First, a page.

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Immigrating with a citizen in the family
Well we are (hopefully) going to be making the BIG move over from UK to BC by early 2008. I am jus waiting for my citizenship papers to come back before we can get the next stage rolling.
I was just wondering, apart from the obvious time benefit, if there were any other benefits of immigrating as a citizen other than the normal route, my husband still needs to be sponsored to come. Can we move before his sponsorship comes through?
I hear that citizens are seen as 'coming home' on paper, but do Canadians see it this way? Are the rules for money lending still the same, I guess they will be and would employers view it differently.
Just trying to glean as much info as I can on all aspects of the move so there are no hidden surprises (apart from good ones anyway!).
Love to hear from any and all, especially if you are 'living the dream' over BC way.
First let me welcome you to the Ex-pats website, and tell you that here in Canada we only have one class of citizen. If you are a Canadian citizen, it doesn't matter where you were born, or when. We accept people from every nation here as Canadians and don't give it a moments thought.
What IS important is how you conduct yourself, and how you work to learn about the country and the people that came here before you did. Educate yourself and the rest of your family on how to be good Canadians, in every sense of the word.
Yes your husband has to be sponsored by you, and if he doesn't have official permission to seek work in Canada, he will not be hired, as all employers are required by law to see his Immigration Canada paperwork at the interview stage of the employment process. This is not anything against him , it is simply a way to protect our citizens job prospects.
As a Canadian citizen, you should make sure that your resume and any job application forms that you fill out make it very clear that you ARE a Canadian citizen. Your UK accent will be obvious to us and most will ASSUME that you are a Immigrant , not a citizen. Make it clear in any interview that you are a citizen of Canada. That wil help if you are applying for any Government job, where citizens get additional points on the interview, compared to Immigrants with the same qualifications.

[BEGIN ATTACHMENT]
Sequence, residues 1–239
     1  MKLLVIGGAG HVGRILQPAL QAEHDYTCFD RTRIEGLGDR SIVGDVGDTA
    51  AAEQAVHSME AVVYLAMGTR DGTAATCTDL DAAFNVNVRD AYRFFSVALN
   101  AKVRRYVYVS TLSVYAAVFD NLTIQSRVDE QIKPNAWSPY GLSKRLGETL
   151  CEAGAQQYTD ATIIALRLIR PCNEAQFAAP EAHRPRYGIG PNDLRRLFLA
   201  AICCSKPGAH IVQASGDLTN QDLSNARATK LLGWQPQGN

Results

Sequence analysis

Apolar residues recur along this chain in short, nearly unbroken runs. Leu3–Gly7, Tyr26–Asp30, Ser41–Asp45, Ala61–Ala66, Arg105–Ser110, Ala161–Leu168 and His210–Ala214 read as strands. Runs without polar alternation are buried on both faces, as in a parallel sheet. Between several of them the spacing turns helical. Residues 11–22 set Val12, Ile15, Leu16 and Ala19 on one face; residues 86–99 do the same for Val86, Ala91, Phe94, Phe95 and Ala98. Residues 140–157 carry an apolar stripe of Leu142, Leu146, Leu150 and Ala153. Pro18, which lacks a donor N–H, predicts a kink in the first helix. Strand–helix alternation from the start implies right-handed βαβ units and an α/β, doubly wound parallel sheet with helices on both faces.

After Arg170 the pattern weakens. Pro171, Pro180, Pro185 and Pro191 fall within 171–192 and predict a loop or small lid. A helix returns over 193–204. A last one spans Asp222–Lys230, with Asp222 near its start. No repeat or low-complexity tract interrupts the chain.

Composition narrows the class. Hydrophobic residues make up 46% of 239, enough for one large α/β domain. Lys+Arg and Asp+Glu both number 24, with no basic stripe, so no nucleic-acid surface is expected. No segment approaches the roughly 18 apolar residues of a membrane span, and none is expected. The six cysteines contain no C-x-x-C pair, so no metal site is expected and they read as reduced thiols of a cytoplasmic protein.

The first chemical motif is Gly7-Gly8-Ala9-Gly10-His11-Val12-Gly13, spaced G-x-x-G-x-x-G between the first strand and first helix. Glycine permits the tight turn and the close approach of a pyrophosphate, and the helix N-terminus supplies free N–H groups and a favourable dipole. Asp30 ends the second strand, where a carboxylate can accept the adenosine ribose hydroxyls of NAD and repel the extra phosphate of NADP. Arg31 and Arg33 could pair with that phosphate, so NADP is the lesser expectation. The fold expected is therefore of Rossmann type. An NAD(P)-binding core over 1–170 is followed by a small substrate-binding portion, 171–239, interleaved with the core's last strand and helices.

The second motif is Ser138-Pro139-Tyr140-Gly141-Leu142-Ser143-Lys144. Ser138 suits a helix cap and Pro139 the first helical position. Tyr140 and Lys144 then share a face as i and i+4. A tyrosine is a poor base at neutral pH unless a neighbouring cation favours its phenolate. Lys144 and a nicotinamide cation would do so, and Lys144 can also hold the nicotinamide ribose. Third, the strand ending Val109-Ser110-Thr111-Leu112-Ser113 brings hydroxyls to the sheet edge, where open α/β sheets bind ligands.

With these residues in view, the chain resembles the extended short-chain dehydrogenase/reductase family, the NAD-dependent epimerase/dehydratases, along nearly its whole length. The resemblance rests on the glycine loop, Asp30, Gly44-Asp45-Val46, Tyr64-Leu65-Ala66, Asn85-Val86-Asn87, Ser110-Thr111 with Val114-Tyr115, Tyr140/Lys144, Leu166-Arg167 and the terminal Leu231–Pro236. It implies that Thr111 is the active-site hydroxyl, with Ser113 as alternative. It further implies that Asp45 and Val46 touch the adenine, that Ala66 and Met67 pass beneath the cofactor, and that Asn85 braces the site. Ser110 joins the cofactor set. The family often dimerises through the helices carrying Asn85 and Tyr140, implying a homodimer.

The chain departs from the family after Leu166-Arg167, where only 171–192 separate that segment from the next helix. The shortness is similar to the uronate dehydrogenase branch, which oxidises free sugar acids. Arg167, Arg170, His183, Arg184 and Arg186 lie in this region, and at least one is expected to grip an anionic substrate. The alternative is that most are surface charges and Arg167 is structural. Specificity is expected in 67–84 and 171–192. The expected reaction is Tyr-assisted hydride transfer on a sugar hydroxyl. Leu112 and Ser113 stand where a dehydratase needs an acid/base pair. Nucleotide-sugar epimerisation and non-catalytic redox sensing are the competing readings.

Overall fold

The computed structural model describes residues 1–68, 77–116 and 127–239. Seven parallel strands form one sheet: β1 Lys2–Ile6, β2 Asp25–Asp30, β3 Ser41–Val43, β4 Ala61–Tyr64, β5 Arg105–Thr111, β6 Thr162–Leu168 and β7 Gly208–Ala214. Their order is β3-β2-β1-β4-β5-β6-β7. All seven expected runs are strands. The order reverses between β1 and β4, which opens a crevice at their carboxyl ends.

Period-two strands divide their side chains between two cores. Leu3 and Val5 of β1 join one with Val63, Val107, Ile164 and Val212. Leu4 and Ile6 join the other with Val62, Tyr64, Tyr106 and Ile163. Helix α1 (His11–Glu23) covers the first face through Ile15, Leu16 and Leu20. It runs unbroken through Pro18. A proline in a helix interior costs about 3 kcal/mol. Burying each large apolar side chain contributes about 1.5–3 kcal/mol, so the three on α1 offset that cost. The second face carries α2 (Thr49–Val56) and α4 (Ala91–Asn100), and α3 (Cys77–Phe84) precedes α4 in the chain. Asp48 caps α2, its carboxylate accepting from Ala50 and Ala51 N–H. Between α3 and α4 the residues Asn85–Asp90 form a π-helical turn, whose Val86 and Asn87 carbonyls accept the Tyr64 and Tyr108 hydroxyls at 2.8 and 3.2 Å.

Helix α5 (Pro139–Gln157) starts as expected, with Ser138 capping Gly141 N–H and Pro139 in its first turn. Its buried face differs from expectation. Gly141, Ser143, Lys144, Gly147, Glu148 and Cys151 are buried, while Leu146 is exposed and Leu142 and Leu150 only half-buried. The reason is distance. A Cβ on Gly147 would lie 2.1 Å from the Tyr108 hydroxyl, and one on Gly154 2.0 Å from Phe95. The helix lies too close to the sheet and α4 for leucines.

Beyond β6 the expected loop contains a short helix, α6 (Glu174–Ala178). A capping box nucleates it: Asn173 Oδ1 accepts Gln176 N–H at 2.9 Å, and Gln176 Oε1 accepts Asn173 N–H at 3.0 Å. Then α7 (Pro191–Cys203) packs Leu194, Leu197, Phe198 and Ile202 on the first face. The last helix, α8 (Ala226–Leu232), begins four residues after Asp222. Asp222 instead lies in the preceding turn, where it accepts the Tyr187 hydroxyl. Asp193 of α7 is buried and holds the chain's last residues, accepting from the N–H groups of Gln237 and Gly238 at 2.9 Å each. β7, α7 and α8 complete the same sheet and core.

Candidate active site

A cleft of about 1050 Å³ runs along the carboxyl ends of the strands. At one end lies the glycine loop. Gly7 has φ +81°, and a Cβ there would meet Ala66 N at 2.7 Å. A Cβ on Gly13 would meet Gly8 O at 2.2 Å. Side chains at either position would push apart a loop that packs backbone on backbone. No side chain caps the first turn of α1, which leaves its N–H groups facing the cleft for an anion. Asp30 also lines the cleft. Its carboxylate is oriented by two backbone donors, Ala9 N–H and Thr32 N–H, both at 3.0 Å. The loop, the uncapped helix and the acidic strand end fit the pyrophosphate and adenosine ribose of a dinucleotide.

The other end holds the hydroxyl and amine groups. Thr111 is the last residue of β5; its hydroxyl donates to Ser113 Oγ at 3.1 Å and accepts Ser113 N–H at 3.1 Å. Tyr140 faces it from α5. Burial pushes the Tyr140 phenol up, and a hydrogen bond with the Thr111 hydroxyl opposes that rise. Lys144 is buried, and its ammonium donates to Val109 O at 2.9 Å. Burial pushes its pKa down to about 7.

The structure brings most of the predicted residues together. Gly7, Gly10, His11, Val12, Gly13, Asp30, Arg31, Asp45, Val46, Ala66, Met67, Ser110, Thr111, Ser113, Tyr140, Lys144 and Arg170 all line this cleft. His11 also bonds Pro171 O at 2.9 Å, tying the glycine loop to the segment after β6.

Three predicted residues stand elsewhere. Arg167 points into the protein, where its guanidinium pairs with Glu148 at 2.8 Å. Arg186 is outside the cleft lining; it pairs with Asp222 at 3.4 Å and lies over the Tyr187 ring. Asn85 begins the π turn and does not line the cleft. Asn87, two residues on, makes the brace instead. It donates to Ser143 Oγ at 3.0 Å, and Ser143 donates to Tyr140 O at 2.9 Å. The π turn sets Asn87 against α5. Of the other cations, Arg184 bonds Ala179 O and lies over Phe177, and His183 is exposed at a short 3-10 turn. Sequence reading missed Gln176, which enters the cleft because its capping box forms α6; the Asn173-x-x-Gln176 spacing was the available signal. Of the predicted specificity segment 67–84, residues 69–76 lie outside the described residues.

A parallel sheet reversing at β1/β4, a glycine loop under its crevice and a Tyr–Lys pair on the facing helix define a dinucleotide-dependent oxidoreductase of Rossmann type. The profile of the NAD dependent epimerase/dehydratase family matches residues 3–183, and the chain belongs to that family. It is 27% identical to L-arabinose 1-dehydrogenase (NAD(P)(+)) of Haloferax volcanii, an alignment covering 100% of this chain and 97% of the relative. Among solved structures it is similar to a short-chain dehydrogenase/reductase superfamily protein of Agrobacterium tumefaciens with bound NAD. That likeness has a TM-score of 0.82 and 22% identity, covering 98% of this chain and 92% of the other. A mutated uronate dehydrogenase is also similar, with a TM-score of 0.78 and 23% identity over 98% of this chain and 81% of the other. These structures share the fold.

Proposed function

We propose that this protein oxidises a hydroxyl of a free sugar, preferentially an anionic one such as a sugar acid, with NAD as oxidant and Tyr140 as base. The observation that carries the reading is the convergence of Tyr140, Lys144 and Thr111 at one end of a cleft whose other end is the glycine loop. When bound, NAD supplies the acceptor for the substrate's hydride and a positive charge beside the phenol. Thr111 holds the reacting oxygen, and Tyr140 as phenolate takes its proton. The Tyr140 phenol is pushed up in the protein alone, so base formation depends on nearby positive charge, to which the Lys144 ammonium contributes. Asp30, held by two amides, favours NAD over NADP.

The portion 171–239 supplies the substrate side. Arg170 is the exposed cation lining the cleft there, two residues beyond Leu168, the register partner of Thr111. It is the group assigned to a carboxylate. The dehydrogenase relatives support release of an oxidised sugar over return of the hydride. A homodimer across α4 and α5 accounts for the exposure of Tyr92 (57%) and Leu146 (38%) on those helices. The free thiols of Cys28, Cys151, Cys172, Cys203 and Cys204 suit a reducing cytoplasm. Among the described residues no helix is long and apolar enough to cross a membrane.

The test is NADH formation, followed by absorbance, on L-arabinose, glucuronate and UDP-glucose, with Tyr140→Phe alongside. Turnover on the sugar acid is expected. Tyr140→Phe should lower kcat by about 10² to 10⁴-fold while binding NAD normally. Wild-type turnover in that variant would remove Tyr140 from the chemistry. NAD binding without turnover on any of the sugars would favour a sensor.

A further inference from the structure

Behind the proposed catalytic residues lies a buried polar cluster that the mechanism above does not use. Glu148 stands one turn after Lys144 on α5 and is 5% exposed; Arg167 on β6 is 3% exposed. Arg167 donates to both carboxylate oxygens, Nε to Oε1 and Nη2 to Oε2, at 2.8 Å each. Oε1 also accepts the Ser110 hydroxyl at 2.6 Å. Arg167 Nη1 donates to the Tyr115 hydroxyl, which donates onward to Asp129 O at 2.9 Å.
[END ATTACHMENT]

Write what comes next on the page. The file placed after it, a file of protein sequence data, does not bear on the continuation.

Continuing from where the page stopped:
As a citizen you are in somewhat of an advantage compared to other Immigrants for lending sitautions, B U T , you have NO credit history in Canada so don't plan on getting a loan for some time. as you need to establish your credit worthiness, by showing that you can and will, make monthly payments on such things as rent, utilities, phone, and other small amounts. This again is no reflection on you, but is the result of some past newcomers taking out large loans, cashing them, and then skipping back home, wherever that may be.
The criteria for getting a home mortgage are simple.
How much do you make per year? How long have you been employed there? And how much are you all ready commited to spending each month now? A married couple are rated on their combined net income, and their combined monthly costs. Most people go and get " pre approved " for a actual amount of a mortgage and then shop for a house, knowing that they have that amount of money available to them from the bank. Down payments are usually 10 percent of the selling price of the house. Current annual lending rates are about 4 or 5 percent, but can be negotiated, with either a fixed rate, or a floating rate of annual interest.
You didn't mention if you have kids? If so they will need to be taken into consideration in this move, and if old enough, given as much info as possible, to soften the affect on them.
A final bit of advice, as soon as you have your Canadian Citzenship Card in hand, apply for a Canadian passport. You are entitled to it and it is proof positive of your being a Canadian citizen. Use it when you travel to Canada. You should plan to visit here, before you come on a permanent basis, to get a feel for things and to find where you want to live in B.C.
Do as much research as you can, before you come here for a visit.
What else can I tell you? Ask me here.
Cheers, Jim Bunting. Toronto.
- Forum Legend